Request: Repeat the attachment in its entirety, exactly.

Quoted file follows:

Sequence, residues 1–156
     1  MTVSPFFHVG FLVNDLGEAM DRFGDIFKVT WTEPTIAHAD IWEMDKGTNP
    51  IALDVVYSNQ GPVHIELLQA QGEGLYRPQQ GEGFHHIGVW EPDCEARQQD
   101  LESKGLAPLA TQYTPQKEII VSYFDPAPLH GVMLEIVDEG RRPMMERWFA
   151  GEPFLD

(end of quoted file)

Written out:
Sequence, residues 1–156
     1  MTVSPFFHVG FLVNDLGEAM DRFGDIFKVT WTEPTIAHAD IWEMDKGTNP
    51  IALDVVYSNQ GPVHIELLQA QGEGLYRPQQ GEGFHHIGVW EPDCEARQQD
   101  LESKGLAPLA TQYTPQKEII VSYFDPAPLH GVMLEIVDEG RRPMMERWFA
   151  GEPFLD